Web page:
Leaves
Leaves

Torquay’s coastal zoo has sent 20 penguins to Parque Zoologico de Lagos in Portugal. It’s all in the name of species conservation, but - like anyone going overseas this summer - they all had to have their travel documents in order.

Zoological collections don’t buy and sell animals – they loan, donate or swap. And, as awe-inspiring and exciting as nature is, the conservation of species is a serious world of acronyms, committees and computer spreadsheets.

The penguin move was a recommendation from the European Endangered species Programme for African penguins. There are two levels of breeding programme: the European Endangered species Programme (or EEP) and European StudBook (ESB). Studbooks for zoo animals started as early as 1923 (with European bison) – the idea came out of horseracing.

The paperwork needed to move a penguin to Portugal includes vet certificates, a letter from a vet, a letter of origin and a letter of donation. They also need their TRACES certification, or Trade Control and Expert System, a web-based veterinarian accreditation used by the European Union for controlling the import and export of live animals and animal products.

The birds travelled by road in a temperature-controlled van, taking a ferry across the Channel before being driven on to the Algarve, a total journey of 1700 miles. The group - two breeding pairs and a collection of younger birds – is starting a new colony. Clare Rugg, Living Coasts Operations Manager/Curator, said: “They arrived and all went for a swim. They seem to be fine after their journey.”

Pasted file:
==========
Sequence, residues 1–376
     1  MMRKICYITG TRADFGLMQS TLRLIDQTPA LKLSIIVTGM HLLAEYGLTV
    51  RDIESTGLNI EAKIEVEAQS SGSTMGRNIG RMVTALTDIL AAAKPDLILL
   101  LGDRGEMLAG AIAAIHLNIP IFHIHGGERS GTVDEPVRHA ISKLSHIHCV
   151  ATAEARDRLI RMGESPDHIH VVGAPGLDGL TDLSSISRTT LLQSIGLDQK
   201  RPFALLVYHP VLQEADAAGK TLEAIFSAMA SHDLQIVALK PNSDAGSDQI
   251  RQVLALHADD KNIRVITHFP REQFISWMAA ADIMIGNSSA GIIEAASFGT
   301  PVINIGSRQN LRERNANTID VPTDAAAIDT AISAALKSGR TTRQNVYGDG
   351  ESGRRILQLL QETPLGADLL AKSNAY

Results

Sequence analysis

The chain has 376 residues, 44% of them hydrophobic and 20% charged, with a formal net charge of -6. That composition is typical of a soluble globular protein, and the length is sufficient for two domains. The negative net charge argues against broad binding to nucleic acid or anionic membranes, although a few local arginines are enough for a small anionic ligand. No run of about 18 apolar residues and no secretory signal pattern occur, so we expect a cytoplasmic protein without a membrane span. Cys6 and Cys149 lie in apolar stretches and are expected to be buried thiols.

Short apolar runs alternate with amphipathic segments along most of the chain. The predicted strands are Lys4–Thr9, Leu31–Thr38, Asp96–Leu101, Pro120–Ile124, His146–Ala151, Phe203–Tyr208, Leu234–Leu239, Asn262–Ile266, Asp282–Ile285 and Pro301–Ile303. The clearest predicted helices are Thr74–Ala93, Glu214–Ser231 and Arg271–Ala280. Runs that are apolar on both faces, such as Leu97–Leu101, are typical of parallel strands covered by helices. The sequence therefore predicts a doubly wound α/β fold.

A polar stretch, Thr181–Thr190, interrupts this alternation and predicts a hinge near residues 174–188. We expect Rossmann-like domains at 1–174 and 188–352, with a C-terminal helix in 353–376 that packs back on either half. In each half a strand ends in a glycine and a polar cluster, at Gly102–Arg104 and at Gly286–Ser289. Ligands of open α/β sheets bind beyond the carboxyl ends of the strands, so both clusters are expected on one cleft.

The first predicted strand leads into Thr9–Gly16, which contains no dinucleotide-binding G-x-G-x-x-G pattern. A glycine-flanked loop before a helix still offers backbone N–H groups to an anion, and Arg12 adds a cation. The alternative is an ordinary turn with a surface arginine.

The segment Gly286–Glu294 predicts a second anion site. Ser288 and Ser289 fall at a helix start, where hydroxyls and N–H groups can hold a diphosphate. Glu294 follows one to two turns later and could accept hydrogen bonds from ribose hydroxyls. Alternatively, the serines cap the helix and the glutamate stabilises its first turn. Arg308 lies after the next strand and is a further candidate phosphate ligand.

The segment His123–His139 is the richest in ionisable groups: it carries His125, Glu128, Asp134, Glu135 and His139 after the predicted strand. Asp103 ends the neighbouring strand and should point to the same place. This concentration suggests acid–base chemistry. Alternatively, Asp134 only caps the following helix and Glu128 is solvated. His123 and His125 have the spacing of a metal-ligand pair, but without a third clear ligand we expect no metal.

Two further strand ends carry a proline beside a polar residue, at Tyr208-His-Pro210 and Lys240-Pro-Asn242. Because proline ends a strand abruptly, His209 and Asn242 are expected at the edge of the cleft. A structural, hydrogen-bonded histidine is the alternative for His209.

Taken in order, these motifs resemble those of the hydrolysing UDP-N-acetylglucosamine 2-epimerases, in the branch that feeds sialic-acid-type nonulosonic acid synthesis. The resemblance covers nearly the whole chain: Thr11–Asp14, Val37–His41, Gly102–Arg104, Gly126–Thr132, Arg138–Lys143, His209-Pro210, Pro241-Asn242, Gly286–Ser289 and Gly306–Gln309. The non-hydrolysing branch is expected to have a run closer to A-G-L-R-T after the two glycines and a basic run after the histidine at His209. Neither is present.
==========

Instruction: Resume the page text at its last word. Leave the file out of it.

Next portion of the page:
Paulo Figueiras, the Curator of Parque Zoologico de Lagos, commented: “I am so excited, they are lovely birds! They will be a success at our Zoo. When they arrived, they spent so long in the water….they go in the pool a lot. Thank you so much!”

Living Coasts is part of a global network of zoos involved in conservation breeding projects for rare and endangered species. Torquay’s coastal zoo and aquarium is a member of the British & Irish Association of Zoos & Aquariums (BIAZA), which promotes the values of good zoos and aquariums. There is a similar organisation – the European Association of Zoo & Aquaria (EAZA) - at European level and at a global level there’s the World Association of Zoos and Aquariums (WAZA).

While there’s plenty of paperwork, the admin is inevitably computer-based. ZIMS – the Zoological Information Management System – manages collection information and is used by curators and registrars.

There are around 150 EEPs. They provide intensive population management, collecting information on the status of all the animals of the species in European zoos and aquaria, producing a studbook, carrying out demographic and genetic analyses and producing a plan for the future management of the species. The aim is to avoid inbreeding and keep the zoo-based gene pool fresh.

Recommendations are made each year on which animals should breed, which individual animals should go from one zoo to another, and so on. There are 140 ESBs. They monitor populations, collect data on births, deaths and transfers, produce the studbook, review the success of the species and assess management needs.

Why do zoos go to all this trouble? In a word, conservation. With rare species there can be a lack of suitable animals to pair up – but animal experts need to get the science right with every pairing.

Quotes The cafe is the best. On a sunny day you really could be anywhere in the world! Quotes Review